March 6, 2014.
At 218 in 2013 and 237 in 2012, one would expect a national outrage on the unusually high number of body bags returning to India from Qatar. One would think especially so, for the fact that these body bags belonged to Indian citizens. It must have incensed even the apologists of neoliberal regime for whom the idea of citizenship might be passé but still value the significant foreign remittances sent by those who came back in the body bags, remittances that the country so desperately needs.Read the rest here.
Shockingly, the body bags failed to evoke even an acknowledgment from powers that be. Nobody even knew, in fact, until Nepal, that tiny neigbour perpetually in transition, took Qatar to a task for the 385 body bags it had received in the same period; during the construction of stadiums and other buildings for the 2024 world cup hosts. No one in the Indian government seemed too bothered, even after that, despite the fact that the death of Nepalese migrant workers had angered everyone from the international human rights organsiations to the The Fédération Internationale de Football Association(FIFA), who rose to the news and confronted Qatari administration.
The silence of Indian government is understandable; it has rarely shown much concern for its citizenry that lives inside the country forget those stuck in foreign shores, by choice or compulsion. Nothing can explain, though, the baffling silence maintained by its otherwise emotional citizenry that seems to perpetually wait for invitation to acknowledge some hurt or other over its sentiments. Had India suddenly ceased to be a republic of hurt sentiments? Going by the recent developments, including the recall and pulping of Wendy Doniger's academic book, The Hindus: An Alternative History by its publisher over the “hurt” it caused to some obscure hindu organistions despite a vast majority of Hindus including its priesthood having had no objection to the same, it has not.
The Indians, have been notorious for getting hurt by anything and everything under the sun. Tell us about an “offensive” book and our emotional hearts would be enraged enough to burn bookstores down and make a bonfire of invaluable manuscripts. Know that, if you must, we are most likely to do it without even having a cursory glance at the book, let alone reading it. Tell us about a still under production movie depicting our culture in poor light still under production, and we can even put water on fire.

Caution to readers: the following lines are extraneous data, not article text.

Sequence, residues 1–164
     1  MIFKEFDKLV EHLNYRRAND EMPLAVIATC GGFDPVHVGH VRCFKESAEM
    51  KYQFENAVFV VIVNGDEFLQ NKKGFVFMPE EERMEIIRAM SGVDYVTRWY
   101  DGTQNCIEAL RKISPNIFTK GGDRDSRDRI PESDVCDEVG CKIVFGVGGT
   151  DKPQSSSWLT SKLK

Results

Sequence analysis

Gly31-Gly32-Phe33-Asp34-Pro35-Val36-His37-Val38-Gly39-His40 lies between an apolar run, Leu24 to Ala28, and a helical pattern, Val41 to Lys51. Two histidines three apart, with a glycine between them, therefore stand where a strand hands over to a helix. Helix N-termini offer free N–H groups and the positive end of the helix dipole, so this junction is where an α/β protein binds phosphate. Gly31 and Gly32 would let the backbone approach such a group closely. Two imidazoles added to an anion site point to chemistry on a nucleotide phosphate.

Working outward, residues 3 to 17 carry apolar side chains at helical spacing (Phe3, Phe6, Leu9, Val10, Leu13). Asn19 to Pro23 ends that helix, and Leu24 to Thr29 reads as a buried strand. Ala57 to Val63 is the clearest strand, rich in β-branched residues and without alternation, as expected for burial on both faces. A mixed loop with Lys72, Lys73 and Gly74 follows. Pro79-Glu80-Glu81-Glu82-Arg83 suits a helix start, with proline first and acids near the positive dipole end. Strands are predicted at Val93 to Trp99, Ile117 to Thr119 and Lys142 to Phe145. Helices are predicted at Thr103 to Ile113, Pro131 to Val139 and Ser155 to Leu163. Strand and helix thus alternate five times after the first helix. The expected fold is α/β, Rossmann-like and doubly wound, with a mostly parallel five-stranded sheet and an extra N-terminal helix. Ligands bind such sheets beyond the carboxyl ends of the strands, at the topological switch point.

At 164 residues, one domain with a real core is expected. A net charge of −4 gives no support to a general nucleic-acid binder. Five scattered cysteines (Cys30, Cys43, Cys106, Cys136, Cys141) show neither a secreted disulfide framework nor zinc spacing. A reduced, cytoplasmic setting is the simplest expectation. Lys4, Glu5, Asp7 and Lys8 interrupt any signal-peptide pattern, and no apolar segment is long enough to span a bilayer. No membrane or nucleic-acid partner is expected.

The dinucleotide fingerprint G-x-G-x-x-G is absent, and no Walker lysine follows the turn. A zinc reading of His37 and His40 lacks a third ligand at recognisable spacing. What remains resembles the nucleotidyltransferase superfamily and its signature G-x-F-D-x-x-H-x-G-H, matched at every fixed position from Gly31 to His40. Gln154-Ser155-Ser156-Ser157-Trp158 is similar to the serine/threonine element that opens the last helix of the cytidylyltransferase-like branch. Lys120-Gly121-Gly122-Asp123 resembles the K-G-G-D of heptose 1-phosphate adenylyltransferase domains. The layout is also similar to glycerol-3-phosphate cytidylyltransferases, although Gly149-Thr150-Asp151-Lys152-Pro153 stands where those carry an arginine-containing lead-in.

Ironically, Indian do not even need religious, sectarian, or whatever other names such zealots choose for themselves for getting hurt. We can feel offended at will and then go on correcting that by assaulting the source of that hurt and with it basic tenets of democracy. Being the self designated largest democracy of the world helps after all. We can burn our books without needing to have a Taliban like that ‘failed’, ‘rogue’ and always- at-war –with- itself neighbor for doing such small favours.
Where has this hurt gone, then, when the body bags were piling up? Why were they so blissfully unaware of and we sleeping to the the kafala system prevailing in Qatar for contractual migrant workers. For the uninitiated, workers are tied to their employer and not allowed to change jobs or leave the country without permission under this modern incarnation of slavery. If there were enough indications for the government that a tragedy is building up in Qatar, there were even more for the citizenry. The body bags were returning to villages and towns these workers Indian citizens if one needs to be get reminded were from.
*****Comment: This article is an important contribution to a protest that is mostly ignored.
Unfortunately the problem is at one level a matter of expendable life under capitalism. Another level is rampant conservative nationalism that describes India's current historical moment.
Capitalism could care less about the loss of lives in Qatar; the FIFA World Cup must not be derailed because it showcases the neo-liberal emphasis on capitalized development.
Most if not all the workers who return in body bags are poor and many are from lower caste communities that do not have the wherewithal to protest this degradation of universal human rights.
At the other level Hindutva nationalism is more preoccupied with Wendy Doniger's book and others that point to the troubling rise of fascist-like preoccupations of purity and telling the right story.
Watching all of this from the outside makes me wonder about the course of nationalism and its almost inevitable drift to ultra conservatism.
Is it inevitable that India will, like the US, become a police state armed to the teeth and willing to kill at will to 'protect' what it constructs as its national values?
The upcoming election in India and the rise of Modi will tell us a lot about this question is my thinking. For more discussion see "Narendra Modi: India's saviour or its worst nightmare?" (Guardian, March 6).
I always worry about any tendency to ban books and speech in any country. These tendencies are red flags not to be ignored.
Whether it is banning the use of the word "Allah" in Malaysia or banning critical books on Hinduism in India the warning signals are clear.
If we are to live in diverse, vibrant and democratic societies there is the need to ward off censorship. Additionally, if we are to live in truly democratic nation-states across the globe there is a need to stop the scourge of capitalism from laying claim to the bodies of those it considers expendable.